1. Definition; Equations

Latitude is the north-south component of a line; departure the east-west. North latitudes are positive, South are negative; similarly East departures are positive, West are negative.  (a) The latitude of line AB is North (+), its departure is East (+). (b) The latitude of line CD is South (-), its departure is West (-). Figure D-1 Latitudes and Departures

Latitude (Lat) and Departure (Dep) are computed from: Equation D-1

Dir can be either a bearing angle, Figure D-2(a), or azimuth angle, Figure D-2(b).  (a) LatAB is North DepAB is East (b) LatBA is South DepBA is West Figure D-2 Bearings or Azimuths

Because a bearing angle never exceeds 90°, the Lat and Dep equations will always return positive values. Sin(0°) to Sin(90°) ranges from 0 to +1.0 Cos(0°) to Cos(90°) ranges from +1.0 to 0 The correct mathematical sign for the Lat and Dep come from the bearing quadrant. A bearing of S 47°35' E has a negative Lat (South) and a positive Dep (East). Figure D-3 Quadrants

An azimuth angle ranges from 0° to 360°, so the sine and cosine return the correct signs on the Lat and Dep.

Examples  Figure D-4 NE Azimuth  Figure D-5 SW Azimuth

Reversing a line direction results in the same magnitude Lat and Dep but reversed signs:

 Line A to B Line B to A  (a) (b) Figure D-6 Reverse Latitude and Departure

2. Closure

On a closed loop traverse, the sum of the Lats should equal zero as should the sum of the Deps.

Closure condition: Equation D-2 Figure D-7
Perfect Closed Loop

Most traverses won’t close perfectly due to the presence of errors. If the field crew followed careful procedures and compensated distance measurements for atmospheric conditions, only random errors prevent achieving perfect closure:event achieving perfect closure:

Actual closure: Equation D-3 Figure D-8
Cumulative Random Errors Figure D-9 Linear Closure

The Linear Closure, LC, is the total misclosure distance. It is computed from the Lat and Dep errors: Equartion D-4

Traverse precision is a function of the linear closure and the total survey distance. The precision is stated as a relative value, usually as 1 unit of error per D units measured: Equation D-5

What is allowable minimum precision? It depends on the survey purpose. Traditional first order surveys have a required precision of 1/100,000; in Wisconsin a property survey must be at least 1/3000. In order to achieve a formal minimum precision, specific equipment and field procedures must be used which match that precision requirement. Achieving a minimum precision should be by design not by accident.

3. Examples

In the following examples shown, all calculations are shown with an additional significant figure. Because these are generally intermediate computations, carrying an additional digit minimizes roundoff error in subsequent calculations.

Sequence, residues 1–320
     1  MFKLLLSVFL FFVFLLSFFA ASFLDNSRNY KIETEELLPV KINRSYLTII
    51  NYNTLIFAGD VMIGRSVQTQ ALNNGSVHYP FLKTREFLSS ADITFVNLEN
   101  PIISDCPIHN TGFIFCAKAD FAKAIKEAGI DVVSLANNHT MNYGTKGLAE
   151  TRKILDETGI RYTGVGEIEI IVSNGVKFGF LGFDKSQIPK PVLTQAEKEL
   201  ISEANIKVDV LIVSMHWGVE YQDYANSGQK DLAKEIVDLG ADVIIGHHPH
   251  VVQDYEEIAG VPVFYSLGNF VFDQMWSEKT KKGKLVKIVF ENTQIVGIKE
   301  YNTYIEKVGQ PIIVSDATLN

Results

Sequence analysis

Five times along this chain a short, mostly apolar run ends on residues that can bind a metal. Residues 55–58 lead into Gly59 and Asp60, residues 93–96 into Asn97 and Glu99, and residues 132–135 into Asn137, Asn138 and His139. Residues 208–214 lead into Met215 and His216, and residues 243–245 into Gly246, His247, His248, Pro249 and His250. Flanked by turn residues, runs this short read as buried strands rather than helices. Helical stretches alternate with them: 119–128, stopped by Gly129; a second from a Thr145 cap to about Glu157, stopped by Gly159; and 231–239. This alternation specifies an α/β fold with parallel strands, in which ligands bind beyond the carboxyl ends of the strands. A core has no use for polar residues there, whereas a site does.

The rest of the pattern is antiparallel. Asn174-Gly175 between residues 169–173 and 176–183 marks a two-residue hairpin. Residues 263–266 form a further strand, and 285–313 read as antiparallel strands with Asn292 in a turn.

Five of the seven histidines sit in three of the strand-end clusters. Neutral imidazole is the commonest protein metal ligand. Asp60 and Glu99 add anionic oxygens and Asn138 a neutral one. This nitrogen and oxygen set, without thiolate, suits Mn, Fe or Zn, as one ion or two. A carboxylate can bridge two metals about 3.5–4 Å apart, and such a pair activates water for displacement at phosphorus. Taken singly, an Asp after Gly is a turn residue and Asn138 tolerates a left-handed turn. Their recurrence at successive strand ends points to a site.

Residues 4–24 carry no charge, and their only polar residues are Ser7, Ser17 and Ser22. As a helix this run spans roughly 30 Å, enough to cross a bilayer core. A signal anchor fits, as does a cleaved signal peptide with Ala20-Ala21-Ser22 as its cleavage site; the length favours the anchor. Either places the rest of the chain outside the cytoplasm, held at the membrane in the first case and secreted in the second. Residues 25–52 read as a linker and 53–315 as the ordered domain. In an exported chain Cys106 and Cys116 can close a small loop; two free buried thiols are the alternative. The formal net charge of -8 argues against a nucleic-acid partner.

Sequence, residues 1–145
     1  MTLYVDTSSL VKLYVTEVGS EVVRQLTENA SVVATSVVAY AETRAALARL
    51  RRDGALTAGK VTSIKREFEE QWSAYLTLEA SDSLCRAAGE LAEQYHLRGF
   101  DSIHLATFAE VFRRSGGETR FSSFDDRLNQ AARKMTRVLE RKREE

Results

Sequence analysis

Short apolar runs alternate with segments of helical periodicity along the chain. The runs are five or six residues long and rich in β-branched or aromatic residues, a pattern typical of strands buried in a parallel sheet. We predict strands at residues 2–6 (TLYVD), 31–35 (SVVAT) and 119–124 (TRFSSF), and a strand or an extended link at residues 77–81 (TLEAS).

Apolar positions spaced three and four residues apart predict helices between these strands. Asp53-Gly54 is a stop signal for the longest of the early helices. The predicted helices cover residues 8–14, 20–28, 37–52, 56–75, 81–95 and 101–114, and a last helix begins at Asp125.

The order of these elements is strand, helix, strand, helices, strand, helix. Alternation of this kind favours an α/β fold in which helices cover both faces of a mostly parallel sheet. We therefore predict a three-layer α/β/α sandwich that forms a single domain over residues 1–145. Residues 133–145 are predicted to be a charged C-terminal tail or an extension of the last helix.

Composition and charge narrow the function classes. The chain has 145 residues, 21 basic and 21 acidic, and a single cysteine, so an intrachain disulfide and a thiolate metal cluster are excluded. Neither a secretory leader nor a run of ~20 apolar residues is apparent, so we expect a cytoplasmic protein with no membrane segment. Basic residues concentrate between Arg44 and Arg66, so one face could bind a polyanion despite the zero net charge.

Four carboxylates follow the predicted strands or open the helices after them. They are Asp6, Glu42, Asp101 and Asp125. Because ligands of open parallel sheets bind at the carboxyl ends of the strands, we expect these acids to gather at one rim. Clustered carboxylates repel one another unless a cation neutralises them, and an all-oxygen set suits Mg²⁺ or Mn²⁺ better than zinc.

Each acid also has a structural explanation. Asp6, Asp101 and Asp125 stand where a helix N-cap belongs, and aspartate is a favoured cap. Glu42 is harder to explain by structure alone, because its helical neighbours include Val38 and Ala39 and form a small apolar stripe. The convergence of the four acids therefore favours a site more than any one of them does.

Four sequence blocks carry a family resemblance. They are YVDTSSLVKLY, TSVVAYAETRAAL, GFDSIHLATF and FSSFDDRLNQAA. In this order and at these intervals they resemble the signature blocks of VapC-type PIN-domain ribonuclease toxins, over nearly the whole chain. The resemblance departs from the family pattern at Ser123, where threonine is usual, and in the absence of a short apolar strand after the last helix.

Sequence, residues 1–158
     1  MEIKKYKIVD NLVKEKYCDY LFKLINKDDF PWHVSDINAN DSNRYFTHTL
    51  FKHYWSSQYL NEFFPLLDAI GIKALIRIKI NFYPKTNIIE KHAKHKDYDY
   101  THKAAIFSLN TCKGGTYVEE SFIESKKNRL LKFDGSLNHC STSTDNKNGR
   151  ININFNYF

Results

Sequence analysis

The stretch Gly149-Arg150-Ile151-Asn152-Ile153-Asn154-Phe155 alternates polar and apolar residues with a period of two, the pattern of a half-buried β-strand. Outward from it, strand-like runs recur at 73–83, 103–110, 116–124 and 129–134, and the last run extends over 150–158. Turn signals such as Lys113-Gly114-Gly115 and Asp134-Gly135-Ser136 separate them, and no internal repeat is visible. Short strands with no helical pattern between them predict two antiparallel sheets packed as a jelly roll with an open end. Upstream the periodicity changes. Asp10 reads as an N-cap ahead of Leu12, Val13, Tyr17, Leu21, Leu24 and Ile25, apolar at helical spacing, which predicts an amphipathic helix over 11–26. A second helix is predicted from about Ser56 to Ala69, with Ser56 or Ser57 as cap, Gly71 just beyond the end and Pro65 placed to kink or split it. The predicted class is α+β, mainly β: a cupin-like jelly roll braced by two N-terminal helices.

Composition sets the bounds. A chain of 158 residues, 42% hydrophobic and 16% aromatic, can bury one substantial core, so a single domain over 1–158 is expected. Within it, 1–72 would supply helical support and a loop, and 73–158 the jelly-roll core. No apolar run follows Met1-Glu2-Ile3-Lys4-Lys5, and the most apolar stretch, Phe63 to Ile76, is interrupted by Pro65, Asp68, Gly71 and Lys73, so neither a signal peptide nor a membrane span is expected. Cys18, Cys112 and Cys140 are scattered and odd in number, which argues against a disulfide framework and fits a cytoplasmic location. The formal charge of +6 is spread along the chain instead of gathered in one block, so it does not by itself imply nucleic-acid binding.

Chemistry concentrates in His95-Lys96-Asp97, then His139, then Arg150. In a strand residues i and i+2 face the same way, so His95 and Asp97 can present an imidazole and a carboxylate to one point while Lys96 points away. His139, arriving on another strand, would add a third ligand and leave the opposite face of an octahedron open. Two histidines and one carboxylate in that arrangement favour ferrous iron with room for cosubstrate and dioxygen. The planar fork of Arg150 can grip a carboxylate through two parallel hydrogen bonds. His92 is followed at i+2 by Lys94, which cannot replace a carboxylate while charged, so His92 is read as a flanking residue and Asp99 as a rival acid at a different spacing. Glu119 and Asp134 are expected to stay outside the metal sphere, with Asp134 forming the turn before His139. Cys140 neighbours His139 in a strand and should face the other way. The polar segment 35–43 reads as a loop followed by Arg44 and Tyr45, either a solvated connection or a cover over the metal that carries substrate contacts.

When reporting results of an intermediate calculation, those should be stated to the correct number of significant figures so as not to imply an accuracy beyond that of the measurements.

a. Traverse with bearings  Equation D-6

Lat and Dep will always compute as positive; must assign correct mathematical sign based on the bearing quadrant.

Figure D-10
Bearing Traverse

Line AB Because the bearing is South and West, the Lat and Dep are -176.357' and -438.548' respectively.

Line BC Because the bearing is North and West, the Lat and Dep are +203.395' and -73.093' respectively.

Line CD Because the bearing is North and East, the Lat and Dep are +192.357' and +198.651' respectively.

Line DA Because the bearing is South and East , the Lat and Dep are -219.312' and +313.065' respectively

In tabular form:

 Line Bearing Length (ft) Lat (ft) Dep (ft) AB S 68°05'35"W 472.68 -176.357 -438.548 BC N 19°46'00"W 216.13 +203.395 -73.093 CD N 45°55'20"E 276.52 +192.357 +198.651 DA S 54°59'15"E 382.24 -219.312 +313.065 sums: 1347.57 +0.083 +0.075 Distance Lat err Dep err too far N too far E  b. Traverse with azimuths  Equation D-7

Lat and Dep will always compute directly with the correct sign when using azimuths.

Figure D-11
Azimuth Traverse

Line ST Line TU Line UV Line VS Line Azimuth Length (ft) Lat (ft) Dep (ft) ST 309°05'38" 347.00 +218.816 -269.311 TU 258°34'22" 364.55 -72.226 -357.324 UV 128°04'44" 472.74 -291.560 +372.123 VS 60°21'26" 292.94 +144.885 +254.602 sums: 1477.23 -0.085 +0.090 Distance Lat err Dep err too far S too far E  c. Crossing Traverse

A four-sided parcel has two obstructed lines. Figure D-12 Parcel Boundaries

In order to create a closed traverse, the survey crew measures a crossing traverse which connects all four points. As long as a traverse closes back on its beginning point, the closer condition is still: regardless of how many times it may cross itself.   Given this traverse data, determine its closure and precision. Figure D-13 Closed Crossing Traverse

Rather than write out each Lat and Dep computation separately, we can simply set up the table and record the computations in it.

 Line Azimuth Length (ft) Lat (ft) Dep (ft) EF 133°02'45" 455.03 -310.780 +332.737 FG 24°33'35" 228.35 +207.691 +94.912 GH 241°05'15" 422.78 -204.403 -370.084 HE 349°25'20" 213.85 +307.534 -57.430 sums: 1419.28 +0.042 +0.135 Distance Lat err Dep err too far N Too far E  Hits: 31863